I usually see session fixation vulnerabilities with Java web applications. Just recently I found a ColdFusion application vulnerable to session fixation. This nasty security hole greatly increases the risk that legitimate sessions will be hijacked. Both HP WebInspect and Burp Pro's active scanner failed to find this vulnerability. Testing for session fixation is quite easy to do, so I ran a quick test for it manually, and I'm very glad I did.
When testing for session fixation, I like to use two different browsers: IE and Firefox. If the login page for an application is https://someapp.com/login, my test for session fixation consists of the following steps:
- 1. Launch Firefox and navigate directly to the login page.
2. Inspect the cookie(s) assigned by the application. For a Java web app, a JSESSIONID cookie is normally set. In the case of ColdFusion, CFID and CFTOKEN cookies are typically set.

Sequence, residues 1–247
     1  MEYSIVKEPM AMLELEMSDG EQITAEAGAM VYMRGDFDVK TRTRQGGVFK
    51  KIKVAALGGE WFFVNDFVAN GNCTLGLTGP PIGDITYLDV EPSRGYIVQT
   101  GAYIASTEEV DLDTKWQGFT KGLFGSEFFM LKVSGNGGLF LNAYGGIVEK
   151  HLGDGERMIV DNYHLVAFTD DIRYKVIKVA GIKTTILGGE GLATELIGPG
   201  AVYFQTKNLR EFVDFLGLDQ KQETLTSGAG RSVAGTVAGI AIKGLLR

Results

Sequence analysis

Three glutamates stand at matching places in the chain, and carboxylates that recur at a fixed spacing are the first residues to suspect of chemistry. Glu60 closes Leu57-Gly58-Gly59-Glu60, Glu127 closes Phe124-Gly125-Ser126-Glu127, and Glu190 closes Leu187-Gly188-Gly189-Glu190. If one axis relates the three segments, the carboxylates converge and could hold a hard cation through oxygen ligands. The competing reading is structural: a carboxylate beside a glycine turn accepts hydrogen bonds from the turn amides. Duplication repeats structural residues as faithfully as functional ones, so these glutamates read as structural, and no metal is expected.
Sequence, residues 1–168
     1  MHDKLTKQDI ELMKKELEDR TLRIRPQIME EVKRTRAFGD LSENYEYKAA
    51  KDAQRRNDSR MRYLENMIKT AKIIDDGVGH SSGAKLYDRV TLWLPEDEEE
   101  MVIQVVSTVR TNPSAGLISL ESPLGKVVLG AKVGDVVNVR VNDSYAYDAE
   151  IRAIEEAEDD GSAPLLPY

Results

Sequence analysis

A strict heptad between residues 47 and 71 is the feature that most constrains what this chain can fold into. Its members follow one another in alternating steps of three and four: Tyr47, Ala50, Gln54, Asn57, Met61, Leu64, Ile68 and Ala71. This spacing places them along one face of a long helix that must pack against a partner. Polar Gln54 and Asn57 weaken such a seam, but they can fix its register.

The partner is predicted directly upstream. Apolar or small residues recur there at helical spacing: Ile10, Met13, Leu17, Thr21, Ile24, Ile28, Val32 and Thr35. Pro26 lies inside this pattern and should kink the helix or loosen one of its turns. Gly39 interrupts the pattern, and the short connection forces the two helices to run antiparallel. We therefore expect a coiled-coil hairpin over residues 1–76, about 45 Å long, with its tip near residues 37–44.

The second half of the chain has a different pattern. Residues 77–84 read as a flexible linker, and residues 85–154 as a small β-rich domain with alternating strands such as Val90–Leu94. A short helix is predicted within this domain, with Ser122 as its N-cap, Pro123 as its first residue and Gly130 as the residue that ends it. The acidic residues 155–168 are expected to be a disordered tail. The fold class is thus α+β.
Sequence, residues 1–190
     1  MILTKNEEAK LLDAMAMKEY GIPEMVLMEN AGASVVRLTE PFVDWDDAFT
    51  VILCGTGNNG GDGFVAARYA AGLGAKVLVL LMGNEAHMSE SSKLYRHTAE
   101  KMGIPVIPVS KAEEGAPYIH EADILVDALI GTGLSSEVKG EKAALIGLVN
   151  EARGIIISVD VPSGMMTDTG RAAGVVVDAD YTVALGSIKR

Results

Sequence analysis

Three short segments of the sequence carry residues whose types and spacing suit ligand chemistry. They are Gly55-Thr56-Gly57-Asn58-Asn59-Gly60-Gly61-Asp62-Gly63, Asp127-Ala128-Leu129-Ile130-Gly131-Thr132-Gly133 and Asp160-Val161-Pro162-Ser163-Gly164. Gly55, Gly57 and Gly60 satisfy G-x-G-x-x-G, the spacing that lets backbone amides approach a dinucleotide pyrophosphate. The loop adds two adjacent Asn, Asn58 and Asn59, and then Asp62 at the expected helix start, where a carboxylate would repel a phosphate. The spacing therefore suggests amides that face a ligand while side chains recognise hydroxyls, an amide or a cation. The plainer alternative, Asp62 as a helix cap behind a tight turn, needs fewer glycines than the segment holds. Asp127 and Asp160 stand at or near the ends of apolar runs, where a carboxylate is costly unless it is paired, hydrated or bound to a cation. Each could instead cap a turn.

3. Copy the session ID from the cookie.
4. Construct a special URL that contains the session ID.
For Java, it looks like this:
For CF, it looks like this:
5. Open IE and configure it to run through a proxy (Burp, Paros, Fiddler2, etc.).
6. Paste the special URL into the IE address bar and hit Enter (this step simulates a victim clicking on a link in an email or Internet post).
7. Observe the HTTP response from the server. Is there a "Set-Cookie" header? If so, what is the session ID being set? You have a problem if it's the same value that appears in the URL. On the other hand, you're probably okay if the value is different.
The URL of the request was:
The HTTP response contained the following headers:
Set-Cookie: CFID=999555; path=/; Secure
Set-Cookie: CFTOKEN=29292929; path=/; Secure